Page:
What is a cucumber-melon?
Often when people think of a cucumber, they imagine an American long green thick-skinned waxy fruit that is purchased from a grocery store. Others imagine a Long English cucumber or a Lebanese thin-skinned small fruit. Even if an individual has never encountered a bitter cucumber or experienced indigestion from eating one, he may consider cucumbers to be bland, watery fruit that exhibit a bit of a slightly bitter sappy aftertaste. To all those who has become accustomed to the flavor, texture and aftertaste of regular Cucumis sativus cucumbers, and would prefer a better experience – there is a much better cucumber available.
Prior to the introduction of regular Cucumis sativus cucumbers, melons were the only cucumbers many were familiar with. Unlike the mature sweet muskmelons that we are accustomed to, Cucumis melo (or C. melo) was picked as a savory immature long delicious cucumber. From Ancient Egypt, C. melo cucumbers made their way to Europe. They were sought after by various groups of people and were a staple of kings and emperors.
The Cucumis melo varieties that are most suitable as cucumbers have been selected to be picked immature as cucumbers and generally have a taste, texture and growth habit that ensure that the expression of their best traits occurs during the immature stage of fruit development. The heat-loving vines develop fruit that is crisp, yet tender, bitter-free and gentle on the stomach. They slowly transpire water, have a moderate water content and often impart a rich, almost complex flavor with a slightly sweet aftertaste. For comparison sake, cucumber-melons are like tomatoes in that they are a fruit that is consumed as a savory vegetable. Or you can think of them in the way that a zucchini is an immature form of squash. In short, cucumber-melons can be considered the gourmet “zucchini” of the muskmelon family.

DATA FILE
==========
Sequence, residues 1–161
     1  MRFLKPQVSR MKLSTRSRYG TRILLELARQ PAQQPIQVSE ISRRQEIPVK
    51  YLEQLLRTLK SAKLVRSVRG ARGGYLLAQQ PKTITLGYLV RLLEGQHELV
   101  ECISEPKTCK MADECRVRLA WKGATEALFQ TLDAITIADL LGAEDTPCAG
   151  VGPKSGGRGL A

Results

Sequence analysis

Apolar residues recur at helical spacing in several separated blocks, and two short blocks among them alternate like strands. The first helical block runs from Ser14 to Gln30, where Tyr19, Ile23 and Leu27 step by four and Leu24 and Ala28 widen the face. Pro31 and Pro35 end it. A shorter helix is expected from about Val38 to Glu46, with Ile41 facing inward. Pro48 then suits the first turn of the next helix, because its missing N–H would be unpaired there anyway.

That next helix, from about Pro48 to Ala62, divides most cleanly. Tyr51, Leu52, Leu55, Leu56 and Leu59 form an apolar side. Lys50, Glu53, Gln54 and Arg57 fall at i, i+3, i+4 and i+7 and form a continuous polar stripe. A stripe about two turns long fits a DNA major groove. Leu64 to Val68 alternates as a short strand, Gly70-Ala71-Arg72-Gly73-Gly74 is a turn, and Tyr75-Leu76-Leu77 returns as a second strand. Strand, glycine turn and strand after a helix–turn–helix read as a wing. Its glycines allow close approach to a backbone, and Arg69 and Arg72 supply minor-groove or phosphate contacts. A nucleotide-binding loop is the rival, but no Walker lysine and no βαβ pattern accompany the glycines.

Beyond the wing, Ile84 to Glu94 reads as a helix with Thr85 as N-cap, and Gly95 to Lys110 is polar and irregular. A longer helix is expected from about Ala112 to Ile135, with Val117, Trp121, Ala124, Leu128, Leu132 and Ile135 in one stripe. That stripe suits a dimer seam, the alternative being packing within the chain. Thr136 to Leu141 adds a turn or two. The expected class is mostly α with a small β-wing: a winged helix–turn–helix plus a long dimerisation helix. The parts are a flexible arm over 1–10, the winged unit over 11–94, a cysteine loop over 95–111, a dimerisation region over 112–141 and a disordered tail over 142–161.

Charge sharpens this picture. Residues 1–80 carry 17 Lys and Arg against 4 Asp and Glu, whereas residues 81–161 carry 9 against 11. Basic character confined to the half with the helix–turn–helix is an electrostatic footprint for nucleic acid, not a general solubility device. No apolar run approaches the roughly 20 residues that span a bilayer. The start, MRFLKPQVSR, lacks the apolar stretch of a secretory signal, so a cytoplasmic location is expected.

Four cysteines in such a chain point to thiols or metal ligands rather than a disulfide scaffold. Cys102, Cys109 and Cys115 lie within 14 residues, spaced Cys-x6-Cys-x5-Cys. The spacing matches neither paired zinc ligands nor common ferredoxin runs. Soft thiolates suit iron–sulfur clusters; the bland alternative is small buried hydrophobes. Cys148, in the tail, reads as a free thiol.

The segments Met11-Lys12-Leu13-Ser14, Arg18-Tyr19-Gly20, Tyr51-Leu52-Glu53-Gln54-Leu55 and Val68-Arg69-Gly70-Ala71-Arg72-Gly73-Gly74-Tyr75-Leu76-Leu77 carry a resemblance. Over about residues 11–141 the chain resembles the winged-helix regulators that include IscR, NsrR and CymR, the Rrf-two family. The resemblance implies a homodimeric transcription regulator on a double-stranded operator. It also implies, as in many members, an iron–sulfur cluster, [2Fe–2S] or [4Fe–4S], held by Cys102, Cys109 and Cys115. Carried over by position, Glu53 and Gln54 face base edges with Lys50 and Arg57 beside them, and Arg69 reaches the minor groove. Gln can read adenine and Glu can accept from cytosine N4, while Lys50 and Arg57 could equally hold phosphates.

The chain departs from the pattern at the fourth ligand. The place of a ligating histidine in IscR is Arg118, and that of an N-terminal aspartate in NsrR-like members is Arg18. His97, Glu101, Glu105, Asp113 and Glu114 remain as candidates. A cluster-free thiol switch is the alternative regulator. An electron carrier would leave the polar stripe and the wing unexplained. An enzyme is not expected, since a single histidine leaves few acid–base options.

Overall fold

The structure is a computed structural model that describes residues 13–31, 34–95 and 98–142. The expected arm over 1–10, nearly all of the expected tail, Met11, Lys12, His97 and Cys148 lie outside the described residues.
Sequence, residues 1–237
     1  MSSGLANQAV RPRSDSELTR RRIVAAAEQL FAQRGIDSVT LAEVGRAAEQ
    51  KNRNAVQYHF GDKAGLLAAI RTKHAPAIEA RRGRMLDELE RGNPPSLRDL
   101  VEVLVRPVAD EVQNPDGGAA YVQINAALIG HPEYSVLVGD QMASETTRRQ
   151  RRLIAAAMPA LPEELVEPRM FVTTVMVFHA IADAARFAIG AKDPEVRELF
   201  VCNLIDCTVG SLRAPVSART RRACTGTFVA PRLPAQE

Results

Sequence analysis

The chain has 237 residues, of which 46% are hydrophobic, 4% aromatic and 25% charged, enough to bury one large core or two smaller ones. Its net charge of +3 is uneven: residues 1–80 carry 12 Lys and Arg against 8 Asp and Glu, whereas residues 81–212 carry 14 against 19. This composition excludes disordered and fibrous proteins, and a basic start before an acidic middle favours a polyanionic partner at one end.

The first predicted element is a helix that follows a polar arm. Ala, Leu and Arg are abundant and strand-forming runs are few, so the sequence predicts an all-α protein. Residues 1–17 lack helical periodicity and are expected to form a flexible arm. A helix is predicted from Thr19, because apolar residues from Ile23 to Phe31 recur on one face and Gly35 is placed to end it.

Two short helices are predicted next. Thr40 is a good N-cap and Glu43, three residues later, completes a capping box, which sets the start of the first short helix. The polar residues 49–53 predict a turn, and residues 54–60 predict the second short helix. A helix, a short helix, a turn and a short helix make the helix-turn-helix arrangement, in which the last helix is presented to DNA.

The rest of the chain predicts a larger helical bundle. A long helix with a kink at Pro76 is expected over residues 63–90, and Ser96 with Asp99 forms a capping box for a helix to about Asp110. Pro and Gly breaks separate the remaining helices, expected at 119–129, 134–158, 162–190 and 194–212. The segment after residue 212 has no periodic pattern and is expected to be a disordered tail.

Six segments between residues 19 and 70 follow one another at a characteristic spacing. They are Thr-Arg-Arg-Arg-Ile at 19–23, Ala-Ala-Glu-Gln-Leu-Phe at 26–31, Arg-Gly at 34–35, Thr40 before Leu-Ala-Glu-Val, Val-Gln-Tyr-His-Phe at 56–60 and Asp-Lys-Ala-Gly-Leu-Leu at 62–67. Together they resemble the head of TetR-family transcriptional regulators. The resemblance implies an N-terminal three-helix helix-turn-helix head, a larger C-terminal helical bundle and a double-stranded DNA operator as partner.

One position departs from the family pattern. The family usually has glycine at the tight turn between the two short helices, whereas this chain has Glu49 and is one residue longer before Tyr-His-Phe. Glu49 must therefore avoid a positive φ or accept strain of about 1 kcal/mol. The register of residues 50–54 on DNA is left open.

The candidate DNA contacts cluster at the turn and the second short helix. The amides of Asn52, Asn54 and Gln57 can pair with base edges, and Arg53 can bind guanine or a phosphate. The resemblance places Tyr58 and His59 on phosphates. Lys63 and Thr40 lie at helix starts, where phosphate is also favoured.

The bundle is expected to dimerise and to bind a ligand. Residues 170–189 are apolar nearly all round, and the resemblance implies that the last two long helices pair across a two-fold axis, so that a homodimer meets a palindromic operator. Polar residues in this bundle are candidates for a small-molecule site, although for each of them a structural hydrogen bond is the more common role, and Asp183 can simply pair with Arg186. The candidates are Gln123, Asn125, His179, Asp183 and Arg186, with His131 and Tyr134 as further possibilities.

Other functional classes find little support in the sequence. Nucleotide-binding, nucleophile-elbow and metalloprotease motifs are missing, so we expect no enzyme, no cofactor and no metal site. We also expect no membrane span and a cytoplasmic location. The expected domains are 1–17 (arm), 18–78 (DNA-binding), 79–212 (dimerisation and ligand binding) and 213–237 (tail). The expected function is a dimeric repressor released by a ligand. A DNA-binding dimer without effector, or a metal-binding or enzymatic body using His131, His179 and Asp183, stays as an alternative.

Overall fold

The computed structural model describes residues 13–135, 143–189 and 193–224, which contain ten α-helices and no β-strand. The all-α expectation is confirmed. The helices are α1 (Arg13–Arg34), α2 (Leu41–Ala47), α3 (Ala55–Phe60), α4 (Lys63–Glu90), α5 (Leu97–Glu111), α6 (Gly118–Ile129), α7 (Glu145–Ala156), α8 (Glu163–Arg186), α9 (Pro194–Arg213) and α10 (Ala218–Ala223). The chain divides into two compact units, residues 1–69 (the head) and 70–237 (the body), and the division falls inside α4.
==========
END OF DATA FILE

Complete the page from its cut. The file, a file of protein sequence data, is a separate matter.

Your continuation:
Cucumis melo fruit that is picked immature as a cucumber is often referred to as a melon cucumber or a “cucumber-melon”. While there are many indigenous varieties, there are two main types that people may be familiar with. The first and most common is, in America, referred to as an Armenian cucumber. One who has seen an Armenian-type cucumber will most likely envision a long light green smooth fruit with rounded ridges. But there are other types of Armenian cucumber including those that are light, dark, striped, splotched or may have other characteristics that set it apart from a regular Armenian cucumber. The Armenian cucumber also goes by many different names, depending upon the country someone lives in. The second, lesser known type of C. melo cucumber originates from southern Italy. These gourmet Italian cucumbers are generally referred to as “carosello”. Although shorter than most Armenian cucumbers, they display a range of flavors, colors, shapes and sizes.
Should someone ever get the chance to taste a cucumber-melon, they may find it very worthwhile. With their crisp, tender-yet-crisp, bitter-free rich texture and rich flavor it is no wonder why this was the cucumber sought after by kings.